By Shaun Rohret, NERC Reliability Specialist
As grid reliability becomes more of a focus internationally, the North American Electric Reliability Corporation (NERC) is leading the way. Here is the latest on what is happening:
In Canada the role of NERC is much like its role in the continental United States. However, the standard approval process differs across the various Canadian provinces and some of the NERC Reliability Standards have been modified to reflect these jurisdictions’ individual operational needs. Authority over electricity generation and transmission in Canada mainly resides with the provincial governments. While not all jurisdictions have an Electric Reliability Organization (ERO), they all recognize NERC as an electric reliability standards-setting organization and have committed to support NERC in its standards-setting and oversight role for North America.
NERC has published a summary of each province’s standard-making and enforcement functions (http://www.nerc.com/AboutNERC/keyplayers/Documents/Canadian%20Provincial%20Summaries_July2016.pdf). This is a good reference for cataloging the differences across the provincial standards. Each summary provides details of the province’s electric reliability standard-making and enforcement functions and comparators with the U.S. standards and governance. The summaries were developed by NERC’s Federal, Provincial, and Territorial Monitoring and Enforcement Sub-group (MESG), and they are reviewed and updated annually.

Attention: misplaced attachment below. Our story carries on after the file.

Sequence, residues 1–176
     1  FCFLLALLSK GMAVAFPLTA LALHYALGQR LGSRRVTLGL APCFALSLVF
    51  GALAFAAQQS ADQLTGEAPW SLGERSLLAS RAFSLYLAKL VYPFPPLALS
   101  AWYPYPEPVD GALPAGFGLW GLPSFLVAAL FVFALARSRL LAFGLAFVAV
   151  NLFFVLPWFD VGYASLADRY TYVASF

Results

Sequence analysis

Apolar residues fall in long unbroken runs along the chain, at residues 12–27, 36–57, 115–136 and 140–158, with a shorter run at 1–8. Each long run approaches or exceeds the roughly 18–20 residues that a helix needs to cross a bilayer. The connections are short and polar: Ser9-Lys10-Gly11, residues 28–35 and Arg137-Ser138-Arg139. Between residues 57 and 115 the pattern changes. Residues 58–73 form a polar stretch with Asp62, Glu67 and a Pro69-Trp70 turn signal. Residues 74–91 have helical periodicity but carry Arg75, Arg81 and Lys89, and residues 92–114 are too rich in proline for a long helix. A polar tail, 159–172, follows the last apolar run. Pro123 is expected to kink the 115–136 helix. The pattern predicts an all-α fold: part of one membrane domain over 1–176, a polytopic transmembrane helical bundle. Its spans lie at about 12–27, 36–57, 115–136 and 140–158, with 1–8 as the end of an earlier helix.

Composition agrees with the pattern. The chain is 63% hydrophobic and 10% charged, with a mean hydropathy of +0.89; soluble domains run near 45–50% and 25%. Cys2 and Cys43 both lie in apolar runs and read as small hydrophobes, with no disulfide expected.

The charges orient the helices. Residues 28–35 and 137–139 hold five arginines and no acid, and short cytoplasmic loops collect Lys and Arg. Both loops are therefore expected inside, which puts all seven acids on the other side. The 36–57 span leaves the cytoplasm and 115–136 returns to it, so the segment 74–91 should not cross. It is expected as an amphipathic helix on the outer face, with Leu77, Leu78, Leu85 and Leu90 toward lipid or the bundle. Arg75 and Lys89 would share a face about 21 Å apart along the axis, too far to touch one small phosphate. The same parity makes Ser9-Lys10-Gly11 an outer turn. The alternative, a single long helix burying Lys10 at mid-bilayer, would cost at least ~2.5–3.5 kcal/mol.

Recent energy reforms in Mexico include restructuring of the nation’s electricity industry, the increased opportunity for private investment and a competitive electricity market. Due to the reforms, the roles of several key organizations in Mexico have changed:
Comisión Reguladora de Energia (CRE) is the federal energy regulator in Mexico. On March 3, 2016, CRE commissioners approved Resolución RES/151/2016, containing the first Grid Code (Codiga de Red) under Mexico’s 2013–2014 electricity reforms. Under these reforms, CRE has many new responsibilities and authorities, including establishing regulations for electric reliability and security. The Grid Code contains the criteria for “efficiency, quality, reliability, continuity, security, and sustainability of the National Electric System” in Mexico, and the initial version adopted ten NERC-like Reliability Standards, to maintain coordination and safe operation.
CRE is required to update the Grid Code annually for the next five years. In June 2016, NERC and WECC conducted a workshop for Mexican subject matter experts to provide a comprehensive overview of NERC and WECC Reliability Standards to assist them in providing technical advice to CRE during the development of the second Grid Code.
Comisión Federal Electricidad (CFE) is the government-owned utility. CFE was previously a vertically integrated utility but under the 2013-2014 electricity reforms, CFE has been restructured into separate distribution, transmission, and generation organizations. Under an agreement between WECC and CFE, WECC has been monitoring CFE’s compliance with certain standards in the portion of CFE’s system in Baja California Norte that is interconnected to California.
Beyond North America
NERC signed an administrative agreement with the European Commission’s Directorate General for Energy (DG Energy) to collaborate on grid reliability on July 14, 2016. The agreement recognizes that NERC and DG Energy have a shared interest in grid reliability. It indicates the intent of both organizations to expand technical collaboration and exchange information related to ensuring grid reliability. Since the execution of this agreement, NERC and DG Energy plan to consult regularly on the exchange of information pertaining to electric grid reliability.